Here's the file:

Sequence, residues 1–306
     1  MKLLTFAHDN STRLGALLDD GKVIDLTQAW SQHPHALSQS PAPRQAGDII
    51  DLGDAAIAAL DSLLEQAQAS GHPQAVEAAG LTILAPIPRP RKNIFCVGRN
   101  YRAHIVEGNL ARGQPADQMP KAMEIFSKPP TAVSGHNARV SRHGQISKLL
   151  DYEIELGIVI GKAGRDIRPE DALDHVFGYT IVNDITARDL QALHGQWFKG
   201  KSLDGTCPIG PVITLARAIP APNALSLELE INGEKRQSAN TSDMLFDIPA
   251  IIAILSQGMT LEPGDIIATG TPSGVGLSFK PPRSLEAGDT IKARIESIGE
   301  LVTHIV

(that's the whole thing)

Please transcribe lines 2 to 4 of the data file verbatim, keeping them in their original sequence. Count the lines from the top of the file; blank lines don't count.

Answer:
     1  MKLLTFAHDN STRLGALLDD GKVIDLTQAW SQHPHALSQS PAPRQAGDII
    51  DLGDAAIAAL DSLLEQAQAS GHPQAVEAAG LTILAPIPRP RKNIFCVGRN
   101  YRAHIVEGNL ARGQPADQMP KAMEIFSKPP TAVSGHNARV SRHGQISKLL